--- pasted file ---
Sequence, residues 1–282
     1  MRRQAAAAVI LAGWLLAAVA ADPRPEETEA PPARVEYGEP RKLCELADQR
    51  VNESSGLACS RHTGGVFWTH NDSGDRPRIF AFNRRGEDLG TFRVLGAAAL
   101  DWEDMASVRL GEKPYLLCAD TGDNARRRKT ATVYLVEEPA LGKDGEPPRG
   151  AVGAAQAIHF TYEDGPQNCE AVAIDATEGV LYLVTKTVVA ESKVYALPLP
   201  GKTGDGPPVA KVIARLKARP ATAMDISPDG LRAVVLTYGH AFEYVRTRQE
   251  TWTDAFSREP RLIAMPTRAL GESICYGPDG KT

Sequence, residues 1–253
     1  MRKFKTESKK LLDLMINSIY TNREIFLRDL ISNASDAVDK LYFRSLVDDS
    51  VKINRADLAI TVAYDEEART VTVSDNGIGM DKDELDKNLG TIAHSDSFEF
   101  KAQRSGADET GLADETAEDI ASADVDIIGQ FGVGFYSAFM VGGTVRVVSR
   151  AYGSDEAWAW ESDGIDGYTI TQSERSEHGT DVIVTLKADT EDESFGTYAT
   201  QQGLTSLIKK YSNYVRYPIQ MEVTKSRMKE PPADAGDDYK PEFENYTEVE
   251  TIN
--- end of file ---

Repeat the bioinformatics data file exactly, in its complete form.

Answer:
Sequence, residues 1–282
     1  MRRQAAAAVI LAGWLLAAVA ADPRPEETEA PPARVEYGEP RKLCELADQR
    51  VNESSGLACS RHTGGVFWTH NDSGDRPRIF AFNRRGEDLG TFRVLGAAAL
   101  DWEDMASVRL GEKPYLLCAD TGDNARRRKT ATVYLVEEPA LGKDGEPPRG
   151  AVGAAQAIHF TYEDGPQNCE AVAIDATEGV LYLVTKTVVA ESKVYALPLP
   201  GKTGDGPPVA KVIARLKARP ATAMDISPDG LRAVVLTYGH AFEYVRTRQE
   251  TWTDAFSREP RLIAMPTRAL GESICYGPDG KT

Sequence, residues 1–253
     1  MRKFKTESKK LLDLMINSIY TNREIFLRDL ISNASDAVDK LYFRSLVDDS
    51  VKINRADLAI TVAYDEEART VTVSDNGIGM DKDELDKNLG TIAHSDSFEF
   101  KAQRSGADET GLADETAEDI ASADVDIIGQ FGVGFYSAFM VGGTVRVVSR
   151  AYGSDEAWAW ESDGIDGYTI TQSERSEHGT DVIVTLKADT EDESFGTYAT
   201  QQGLTSLIKK YSNYVRYPIQ MEVTKSRMKE PPADAGDDYK PEFENYTEVE
   251  TIN